Scott says it may be harder to capture sunlight in a walled space or courtyard owing to more shadows being cast. When deciding on the overall design and location of particular zones, such as a dining area, this needs careful consideration. 

4. Tile the floor

Introduce colour through paving slabs

Brighten up and bring personality to the courtyard by making the floor a feature surface of its own.  

Blue and white tiled garden with table and chairsCredit: Tile Mountain

Its good to break up some of the hardscaping with details that signal a different use for an area,suggests Scott. For example, a flagstone terrace may be inlaid with a brick path; or a dining section may be created through brick patterns. 

We love the idea of laying hardwearing tiles to inject colour and patterns into shadier courtyards that need an instant lift. Don’t forget to make sure any tiles you choose are suitable for use outdoors. 

Buy Hanoi Star Blue floor tiles at Tile Mountain from £25.95 per m2

5. Build a statement wall

Exercise your inner architect

If you dont like the texture of any pre-existing surfaces or want to vary up the view into your courtyard garden, then a feature wall could be for you.

View into a courtyard garden with blue rendered wall and table and chairsCredit: Alladio Sims Garden Landscape Design

You could even create a multifunctional storage wall this one incorporates decorative shelving just as you would have a statement wall in an interior room. 

This example from Alladio Sims Garden Landscape Design features rendered wall, which has been painted in blue, and is also partially clad with aged brass sheets to alternate finishes and textures. 

6. Install a vertical planter

Do it yourself, or buy a ready-made structure

Are you concerned about the time it will take for young climbing plants to establish and cover the walls? A vertical planter can provide an immediate transformation.

Garden wall planter with blue chair in frontCredit: Forest

Depending on the shelving type, smaller potted plants can be placed alongside other garden accessories. This adds huge visual interest and is beneficial for wildlife too,says Scott. Its also important to know which direction your wall faces, to help with plant choices. 

Upturned pallets are a good option if you fancy taking on a DIY project, but there are readymade versions available that just need screwing into the wall.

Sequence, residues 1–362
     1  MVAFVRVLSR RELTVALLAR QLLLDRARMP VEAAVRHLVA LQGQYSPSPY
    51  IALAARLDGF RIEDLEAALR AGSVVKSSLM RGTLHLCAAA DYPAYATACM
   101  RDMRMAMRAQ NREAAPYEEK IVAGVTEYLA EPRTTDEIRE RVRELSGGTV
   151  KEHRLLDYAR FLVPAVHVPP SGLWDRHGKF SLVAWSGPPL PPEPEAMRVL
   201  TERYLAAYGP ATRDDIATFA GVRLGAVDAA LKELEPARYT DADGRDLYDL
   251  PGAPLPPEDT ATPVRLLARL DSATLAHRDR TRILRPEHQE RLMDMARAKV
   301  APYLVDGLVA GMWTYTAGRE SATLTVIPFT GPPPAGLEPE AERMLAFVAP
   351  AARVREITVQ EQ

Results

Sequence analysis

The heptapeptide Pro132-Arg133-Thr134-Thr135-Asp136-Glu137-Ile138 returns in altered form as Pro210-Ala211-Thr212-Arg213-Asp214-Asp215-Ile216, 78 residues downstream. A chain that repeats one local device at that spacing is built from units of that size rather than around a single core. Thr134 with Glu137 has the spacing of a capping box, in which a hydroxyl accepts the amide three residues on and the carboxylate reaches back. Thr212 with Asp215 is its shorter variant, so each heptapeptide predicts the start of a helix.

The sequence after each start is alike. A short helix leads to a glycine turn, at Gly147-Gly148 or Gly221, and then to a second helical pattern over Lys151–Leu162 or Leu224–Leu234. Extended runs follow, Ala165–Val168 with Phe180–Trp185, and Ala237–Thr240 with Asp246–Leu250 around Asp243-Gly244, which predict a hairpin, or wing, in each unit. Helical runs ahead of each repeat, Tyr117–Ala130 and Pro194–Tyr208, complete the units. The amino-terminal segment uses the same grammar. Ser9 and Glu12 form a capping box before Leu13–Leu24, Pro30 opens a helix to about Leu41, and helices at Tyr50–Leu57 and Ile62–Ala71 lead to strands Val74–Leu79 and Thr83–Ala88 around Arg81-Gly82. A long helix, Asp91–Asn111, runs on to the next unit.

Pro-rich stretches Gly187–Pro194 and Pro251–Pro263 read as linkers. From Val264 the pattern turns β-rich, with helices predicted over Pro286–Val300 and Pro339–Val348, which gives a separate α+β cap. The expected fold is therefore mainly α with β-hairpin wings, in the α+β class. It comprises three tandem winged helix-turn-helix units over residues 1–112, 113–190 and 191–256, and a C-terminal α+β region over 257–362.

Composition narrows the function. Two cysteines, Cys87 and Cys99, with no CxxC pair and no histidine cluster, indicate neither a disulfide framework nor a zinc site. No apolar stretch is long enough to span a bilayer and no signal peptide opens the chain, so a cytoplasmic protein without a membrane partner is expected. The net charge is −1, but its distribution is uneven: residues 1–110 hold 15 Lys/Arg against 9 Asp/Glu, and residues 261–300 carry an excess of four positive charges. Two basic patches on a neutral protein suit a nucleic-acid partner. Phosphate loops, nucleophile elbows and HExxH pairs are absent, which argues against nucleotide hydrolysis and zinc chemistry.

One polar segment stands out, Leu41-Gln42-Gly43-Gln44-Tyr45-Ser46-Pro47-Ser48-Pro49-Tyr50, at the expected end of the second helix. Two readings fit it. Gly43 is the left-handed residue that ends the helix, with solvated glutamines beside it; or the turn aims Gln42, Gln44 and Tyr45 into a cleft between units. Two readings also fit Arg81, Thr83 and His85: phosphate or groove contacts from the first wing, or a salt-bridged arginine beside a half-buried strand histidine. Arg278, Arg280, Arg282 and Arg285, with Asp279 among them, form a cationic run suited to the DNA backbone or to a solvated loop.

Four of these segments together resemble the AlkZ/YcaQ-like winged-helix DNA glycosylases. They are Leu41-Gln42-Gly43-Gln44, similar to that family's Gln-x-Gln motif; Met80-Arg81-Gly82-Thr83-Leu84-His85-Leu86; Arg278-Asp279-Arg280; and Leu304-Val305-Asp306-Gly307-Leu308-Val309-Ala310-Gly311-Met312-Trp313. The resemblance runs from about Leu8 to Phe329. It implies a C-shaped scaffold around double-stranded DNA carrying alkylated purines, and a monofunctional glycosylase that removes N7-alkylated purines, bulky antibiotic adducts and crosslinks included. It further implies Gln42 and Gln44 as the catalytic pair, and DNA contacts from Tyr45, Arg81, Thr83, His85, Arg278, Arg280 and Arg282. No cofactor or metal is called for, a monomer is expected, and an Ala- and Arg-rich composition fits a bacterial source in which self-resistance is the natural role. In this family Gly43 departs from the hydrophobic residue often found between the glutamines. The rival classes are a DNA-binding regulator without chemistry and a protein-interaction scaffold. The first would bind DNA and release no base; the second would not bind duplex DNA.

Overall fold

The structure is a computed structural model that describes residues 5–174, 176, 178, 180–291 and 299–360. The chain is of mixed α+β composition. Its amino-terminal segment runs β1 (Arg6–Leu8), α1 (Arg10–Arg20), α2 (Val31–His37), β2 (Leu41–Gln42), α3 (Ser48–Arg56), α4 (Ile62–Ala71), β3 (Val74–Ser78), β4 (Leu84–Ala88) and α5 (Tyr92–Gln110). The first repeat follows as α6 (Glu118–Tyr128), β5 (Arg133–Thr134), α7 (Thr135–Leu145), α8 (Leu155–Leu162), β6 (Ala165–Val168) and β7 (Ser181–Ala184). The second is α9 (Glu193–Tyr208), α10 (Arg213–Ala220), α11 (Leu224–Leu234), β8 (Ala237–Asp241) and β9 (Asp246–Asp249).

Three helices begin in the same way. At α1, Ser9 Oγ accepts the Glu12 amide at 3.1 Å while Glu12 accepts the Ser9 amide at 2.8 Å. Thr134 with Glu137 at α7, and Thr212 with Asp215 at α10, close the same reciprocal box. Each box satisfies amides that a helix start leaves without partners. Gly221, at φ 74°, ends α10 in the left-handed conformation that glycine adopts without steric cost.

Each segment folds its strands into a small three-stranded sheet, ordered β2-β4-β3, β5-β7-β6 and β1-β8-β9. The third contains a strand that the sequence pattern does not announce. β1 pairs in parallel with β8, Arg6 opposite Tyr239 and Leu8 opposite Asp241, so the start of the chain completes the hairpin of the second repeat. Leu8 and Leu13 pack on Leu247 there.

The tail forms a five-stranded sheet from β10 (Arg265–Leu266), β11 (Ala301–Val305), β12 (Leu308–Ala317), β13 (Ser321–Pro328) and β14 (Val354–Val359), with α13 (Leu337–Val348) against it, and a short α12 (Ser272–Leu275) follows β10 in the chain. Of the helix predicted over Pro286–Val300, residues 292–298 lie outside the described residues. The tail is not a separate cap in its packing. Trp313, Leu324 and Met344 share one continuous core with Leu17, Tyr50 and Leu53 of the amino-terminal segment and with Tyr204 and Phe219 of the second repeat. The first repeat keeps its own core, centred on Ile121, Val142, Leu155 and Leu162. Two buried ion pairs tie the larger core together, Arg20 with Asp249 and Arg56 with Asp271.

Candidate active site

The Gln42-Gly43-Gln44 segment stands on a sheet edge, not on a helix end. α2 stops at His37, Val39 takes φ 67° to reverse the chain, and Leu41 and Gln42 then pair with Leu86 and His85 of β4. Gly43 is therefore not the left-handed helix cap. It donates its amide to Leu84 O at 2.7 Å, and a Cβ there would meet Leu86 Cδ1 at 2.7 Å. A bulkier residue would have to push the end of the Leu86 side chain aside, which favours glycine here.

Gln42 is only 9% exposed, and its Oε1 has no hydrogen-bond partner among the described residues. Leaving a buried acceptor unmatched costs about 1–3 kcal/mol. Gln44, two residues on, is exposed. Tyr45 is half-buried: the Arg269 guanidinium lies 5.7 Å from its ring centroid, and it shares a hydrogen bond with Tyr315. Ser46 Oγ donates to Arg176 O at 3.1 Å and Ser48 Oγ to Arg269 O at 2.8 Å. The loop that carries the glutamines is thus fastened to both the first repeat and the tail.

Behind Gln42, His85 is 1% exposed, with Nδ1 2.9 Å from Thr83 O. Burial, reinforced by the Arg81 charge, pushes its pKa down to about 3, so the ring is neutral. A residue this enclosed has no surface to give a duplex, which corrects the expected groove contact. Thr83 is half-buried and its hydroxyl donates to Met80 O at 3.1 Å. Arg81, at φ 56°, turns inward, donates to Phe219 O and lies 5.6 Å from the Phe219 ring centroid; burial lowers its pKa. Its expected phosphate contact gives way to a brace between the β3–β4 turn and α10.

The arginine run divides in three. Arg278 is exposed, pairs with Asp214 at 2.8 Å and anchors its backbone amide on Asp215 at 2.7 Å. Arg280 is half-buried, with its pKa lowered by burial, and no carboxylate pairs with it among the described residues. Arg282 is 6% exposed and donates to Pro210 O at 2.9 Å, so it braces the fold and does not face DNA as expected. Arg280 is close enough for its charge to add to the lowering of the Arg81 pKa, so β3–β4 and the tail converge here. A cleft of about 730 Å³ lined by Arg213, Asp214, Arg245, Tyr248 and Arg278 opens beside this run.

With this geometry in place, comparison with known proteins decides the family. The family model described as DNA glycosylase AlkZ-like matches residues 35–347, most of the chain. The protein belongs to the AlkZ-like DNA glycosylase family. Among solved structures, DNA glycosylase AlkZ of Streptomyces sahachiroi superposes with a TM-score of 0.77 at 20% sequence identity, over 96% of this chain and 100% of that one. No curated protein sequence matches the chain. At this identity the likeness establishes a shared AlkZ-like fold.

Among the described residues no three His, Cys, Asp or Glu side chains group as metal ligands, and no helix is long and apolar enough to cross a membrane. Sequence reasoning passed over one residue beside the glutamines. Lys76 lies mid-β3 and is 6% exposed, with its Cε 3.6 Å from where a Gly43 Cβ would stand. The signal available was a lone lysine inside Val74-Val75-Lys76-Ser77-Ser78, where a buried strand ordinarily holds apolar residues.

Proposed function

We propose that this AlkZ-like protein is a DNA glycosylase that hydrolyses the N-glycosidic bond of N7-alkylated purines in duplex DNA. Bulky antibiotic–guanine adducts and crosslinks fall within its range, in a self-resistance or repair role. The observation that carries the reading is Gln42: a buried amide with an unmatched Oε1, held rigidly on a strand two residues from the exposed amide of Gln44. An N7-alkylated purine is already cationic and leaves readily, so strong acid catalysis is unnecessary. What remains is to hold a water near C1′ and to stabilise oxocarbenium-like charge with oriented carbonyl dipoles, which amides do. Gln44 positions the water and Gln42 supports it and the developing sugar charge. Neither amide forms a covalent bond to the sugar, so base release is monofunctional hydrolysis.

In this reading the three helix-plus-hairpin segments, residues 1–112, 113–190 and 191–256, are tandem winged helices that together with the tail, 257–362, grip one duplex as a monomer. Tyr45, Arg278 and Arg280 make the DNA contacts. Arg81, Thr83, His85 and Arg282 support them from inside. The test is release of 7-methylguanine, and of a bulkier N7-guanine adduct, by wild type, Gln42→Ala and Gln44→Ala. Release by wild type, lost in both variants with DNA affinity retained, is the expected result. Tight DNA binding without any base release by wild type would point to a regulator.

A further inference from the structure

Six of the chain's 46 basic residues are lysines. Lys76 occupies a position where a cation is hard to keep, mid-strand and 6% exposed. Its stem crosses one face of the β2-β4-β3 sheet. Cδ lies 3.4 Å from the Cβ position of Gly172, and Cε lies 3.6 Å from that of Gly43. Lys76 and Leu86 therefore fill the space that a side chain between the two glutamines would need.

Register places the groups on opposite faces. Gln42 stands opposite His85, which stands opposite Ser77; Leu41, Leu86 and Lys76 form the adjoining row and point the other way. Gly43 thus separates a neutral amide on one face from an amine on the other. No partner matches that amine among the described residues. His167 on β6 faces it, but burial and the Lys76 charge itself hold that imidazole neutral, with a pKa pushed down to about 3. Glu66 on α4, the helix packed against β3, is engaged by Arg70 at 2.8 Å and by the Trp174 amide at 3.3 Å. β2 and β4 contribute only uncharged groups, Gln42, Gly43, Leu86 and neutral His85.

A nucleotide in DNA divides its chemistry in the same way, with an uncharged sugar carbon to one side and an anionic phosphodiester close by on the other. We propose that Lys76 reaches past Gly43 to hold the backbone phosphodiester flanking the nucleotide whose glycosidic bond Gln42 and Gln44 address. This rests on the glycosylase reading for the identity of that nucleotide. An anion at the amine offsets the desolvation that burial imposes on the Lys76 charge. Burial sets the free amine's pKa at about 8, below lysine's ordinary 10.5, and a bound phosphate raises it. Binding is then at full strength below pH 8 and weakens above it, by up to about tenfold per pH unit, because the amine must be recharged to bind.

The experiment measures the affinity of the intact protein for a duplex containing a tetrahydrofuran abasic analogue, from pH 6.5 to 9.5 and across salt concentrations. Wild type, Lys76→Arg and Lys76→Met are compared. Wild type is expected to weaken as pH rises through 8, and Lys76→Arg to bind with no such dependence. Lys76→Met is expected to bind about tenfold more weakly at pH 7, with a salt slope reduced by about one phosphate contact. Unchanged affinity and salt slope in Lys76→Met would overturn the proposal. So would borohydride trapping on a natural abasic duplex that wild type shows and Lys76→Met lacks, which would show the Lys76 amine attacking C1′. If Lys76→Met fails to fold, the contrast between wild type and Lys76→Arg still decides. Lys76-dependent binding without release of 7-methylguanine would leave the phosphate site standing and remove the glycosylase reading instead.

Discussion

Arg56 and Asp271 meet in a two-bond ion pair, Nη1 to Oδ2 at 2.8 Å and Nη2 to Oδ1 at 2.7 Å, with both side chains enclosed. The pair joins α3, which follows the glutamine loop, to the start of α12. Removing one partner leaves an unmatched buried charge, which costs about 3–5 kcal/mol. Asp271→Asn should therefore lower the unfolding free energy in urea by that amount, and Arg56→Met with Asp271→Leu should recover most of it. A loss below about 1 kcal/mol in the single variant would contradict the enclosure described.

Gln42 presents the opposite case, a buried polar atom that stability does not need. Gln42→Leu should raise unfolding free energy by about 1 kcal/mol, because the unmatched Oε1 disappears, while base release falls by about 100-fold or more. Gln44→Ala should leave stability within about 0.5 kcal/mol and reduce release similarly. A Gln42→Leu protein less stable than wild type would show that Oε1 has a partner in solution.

Buy Forest two-shelf wall planter at B&Q for £112

Ever considered a living wall?

As well as growing plants that will either climb around twine or trellises, there are ways you can install your own vertical living wall as a courtyard garden idea. 

There are a few different ways to create your own at home, including upcycling wooden pallets. But perhaps the easiest way to start a living wall is to buy a simple starter kit.  

Many of these kits usually arrive with a base that you attach to your wall, and a system of planting pockets for you to fill. Some even have their own self-watering irrigation system  small reservoirs that use gravity to slowly drain water from the top down.

This starter kit from Waitrose is £56.99

7. Contrast straight lines with curves

A circular lawn makes a strong focal point

Drawing your eye into the centre of a courtyard garden and away from the boundary walls can be a good idea.

Walled garden with central circular lawnCredit: Anna Helps Garden Design

A striking circular lawn, like this one by Anna Helps Garden Design, creates an idea focal point to help any overbearing walls fade into the background. 

Scott is also a fan of this approach.

It will be the first thing people pay attention to when entering the garden,he says. It means that people slowly notice other features, rather than trying to absorb everything at once.” 

8. Create an outdoor living room

More space to lounge around throughout the year

A courtyard garden can echo your interiors, with the walled space creating a readymade room

Garden bench covered with cushions and coffee tables laden with candlesCredit: Lights4fun